Chad Cole is a contemporary painter whose work is inspired by the landscape, stories, and architecture of the Southern United States. His recent series of oil paintings explores the transformation of the landscape throughout Georgia, Tennessee, and the Carolinas, specifically how modern changes to agrarian life are physically manifested through the abandonment, destruction, and subsequent loss of agricultural and industrial architecture. The artist is constantly searching the backroads of the South for unique examples of Americana to use as subject matter in his paintings. Barns, textile mills, and vintage signs are a few of subjects that Chad often uses in his art work.
Great paradigm shifts in the American economy have made abandoned, overgrown architecture in the Deep South a defining feature of the rural landscape. The decline of the agrarian-based economy, the loss of manufacturing jobs in the textile industry, and the rise of Walmart have dramatically affected countless small Southern towns and farms. The impact of these forces on the economic trends within the rural populations have often led to the desertion of many interesting buildings. Across the South today, countless forsaken gas stations, stores, barns, and farmhouses in various states of decay litter the landscape along old state highways and roads. Chad is fascinated by these nostalgic signs and symbols of the rural South, and the concepts of time, change, and culture as observed in the landscape have become important concepts in his current paintings.
Mr. Cole's work closely follows the popular tradition of barn and landscape painting, but his subject matter is rendered in a style to suggest certain qualities of the “Southern Gothic.” The Southern Gothic style is characterized by grotesque, mysterious, and macabre themes within the setting and culture of the Deep South, characteristics most often identified in the twentieth century stories of William Faulkner and Flannery O’Connor. Both Faulkner and O’Connor have had a profound impact on the artist’s work and style, and the ideas of the Southern Gothic can be experienced through Chad’s consistent use of subjects, symbols, and stories in his paintings that suggest abandonment, decay, the bizarre, and a sense of being “haunted” by the history, religion, and culture of the Deep South.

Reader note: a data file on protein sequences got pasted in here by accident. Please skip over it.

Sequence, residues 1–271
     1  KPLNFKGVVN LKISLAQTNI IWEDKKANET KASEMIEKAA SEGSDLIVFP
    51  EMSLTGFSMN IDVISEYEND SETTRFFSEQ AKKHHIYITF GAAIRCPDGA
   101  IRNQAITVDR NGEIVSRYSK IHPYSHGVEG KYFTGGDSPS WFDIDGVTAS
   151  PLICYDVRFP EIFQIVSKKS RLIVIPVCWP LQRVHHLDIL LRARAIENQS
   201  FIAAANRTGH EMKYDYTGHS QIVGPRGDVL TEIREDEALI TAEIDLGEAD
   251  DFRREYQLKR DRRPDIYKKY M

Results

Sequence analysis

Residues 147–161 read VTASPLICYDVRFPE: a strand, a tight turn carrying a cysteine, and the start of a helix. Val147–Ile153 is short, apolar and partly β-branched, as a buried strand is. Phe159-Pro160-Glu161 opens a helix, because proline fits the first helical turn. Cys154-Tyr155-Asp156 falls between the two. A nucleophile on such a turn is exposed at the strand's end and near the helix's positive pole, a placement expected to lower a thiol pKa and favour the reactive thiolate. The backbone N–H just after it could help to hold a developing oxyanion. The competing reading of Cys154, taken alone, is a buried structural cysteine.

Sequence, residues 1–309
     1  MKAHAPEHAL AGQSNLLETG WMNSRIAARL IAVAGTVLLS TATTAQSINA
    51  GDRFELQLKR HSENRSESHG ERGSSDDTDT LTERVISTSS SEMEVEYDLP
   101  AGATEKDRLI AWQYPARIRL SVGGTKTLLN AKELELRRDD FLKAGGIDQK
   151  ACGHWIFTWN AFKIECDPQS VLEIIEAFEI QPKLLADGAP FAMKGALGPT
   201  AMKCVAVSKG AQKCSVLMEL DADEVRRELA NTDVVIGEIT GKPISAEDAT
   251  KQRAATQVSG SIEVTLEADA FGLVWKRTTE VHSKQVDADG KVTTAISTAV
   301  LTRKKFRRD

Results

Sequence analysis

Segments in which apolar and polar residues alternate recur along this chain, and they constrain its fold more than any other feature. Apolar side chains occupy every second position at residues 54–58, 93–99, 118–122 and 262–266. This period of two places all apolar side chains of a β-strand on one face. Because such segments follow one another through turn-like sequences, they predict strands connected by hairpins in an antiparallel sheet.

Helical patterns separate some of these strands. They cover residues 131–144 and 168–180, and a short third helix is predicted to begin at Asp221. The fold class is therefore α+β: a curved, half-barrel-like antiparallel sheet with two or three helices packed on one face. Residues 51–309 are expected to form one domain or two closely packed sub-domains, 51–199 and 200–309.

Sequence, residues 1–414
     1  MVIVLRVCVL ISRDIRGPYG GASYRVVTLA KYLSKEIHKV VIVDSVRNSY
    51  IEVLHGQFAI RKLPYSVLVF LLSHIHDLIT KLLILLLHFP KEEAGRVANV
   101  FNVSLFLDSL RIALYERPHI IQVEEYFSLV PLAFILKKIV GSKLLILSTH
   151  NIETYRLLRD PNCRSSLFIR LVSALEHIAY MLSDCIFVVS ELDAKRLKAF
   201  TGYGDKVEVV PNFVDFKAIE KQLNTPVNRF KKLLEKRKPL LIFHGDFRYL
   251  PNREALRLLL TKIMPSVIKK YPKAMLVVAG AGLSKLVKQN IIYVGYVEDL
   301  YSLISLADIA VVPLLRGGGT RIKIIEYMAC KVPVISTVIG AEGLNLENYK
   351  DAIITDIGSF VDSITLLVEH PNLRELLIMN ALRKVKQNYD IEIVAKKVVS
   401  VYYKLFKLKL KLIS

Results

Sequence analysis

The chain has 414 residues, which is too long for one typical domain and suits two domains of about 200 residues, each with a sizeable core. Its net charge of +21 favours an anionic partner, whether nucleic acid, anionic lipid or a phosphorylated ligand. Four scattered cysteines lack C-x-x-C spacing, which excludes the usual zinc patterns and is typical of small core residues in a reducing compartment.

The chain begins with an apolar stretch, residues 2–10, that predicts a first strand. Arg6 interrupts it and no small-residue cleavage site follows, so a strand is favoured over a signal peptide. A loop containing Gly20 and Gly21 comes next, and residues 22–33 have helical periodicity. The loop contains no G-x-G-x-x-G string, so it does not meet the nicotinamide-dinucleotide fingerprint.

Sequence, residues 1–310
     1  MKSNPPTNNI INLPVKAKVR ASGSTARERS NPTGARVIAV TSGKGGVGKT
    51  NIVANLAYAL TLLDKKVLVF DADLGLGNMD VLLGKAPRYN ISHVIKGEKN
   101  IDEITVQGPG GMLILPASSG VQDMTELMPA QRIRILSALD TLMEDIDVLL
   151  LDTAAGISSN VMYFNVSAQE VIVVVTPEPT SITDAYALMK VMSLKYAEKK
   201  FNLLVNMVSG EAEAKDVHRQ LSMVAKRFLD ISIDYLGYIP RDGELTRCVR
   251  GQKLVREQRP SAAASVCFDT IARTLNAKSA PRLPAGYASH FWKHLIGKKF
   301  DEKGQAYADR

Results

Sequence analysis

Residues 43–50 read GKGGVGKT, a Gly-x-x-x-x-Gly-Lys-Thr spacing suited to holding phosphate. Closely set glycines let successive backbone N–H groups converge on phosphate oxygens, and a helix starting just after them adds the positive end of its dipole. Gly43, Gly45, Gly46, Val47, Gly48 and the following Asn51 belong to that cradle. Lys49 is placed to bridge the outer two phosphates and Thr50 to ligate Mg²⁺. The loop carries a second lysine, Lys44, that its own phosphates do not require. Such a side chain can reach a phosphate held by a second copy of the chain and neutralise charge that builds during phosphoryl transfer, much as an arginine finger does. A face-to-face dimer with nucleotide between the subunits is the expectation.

Narrative and the themes of the Southern Gothic continue to be major forces on the style of the painter’s work. The architectural subject matter in the artist’s paintings serves as a metaphor for Southern culture and suggests the influence that Southern Gothic themes such as faith, consumption, violence, isolation, and reconstruction have on Southern consciousness. Dilapidated barns, crumbling plantations, homemade UFOS, and unique roadside vestiges are some of the “grotesque” forms frequently used by the artist in his pictures to symbolize the impact of time, history, and culture on and within the Southern landscape.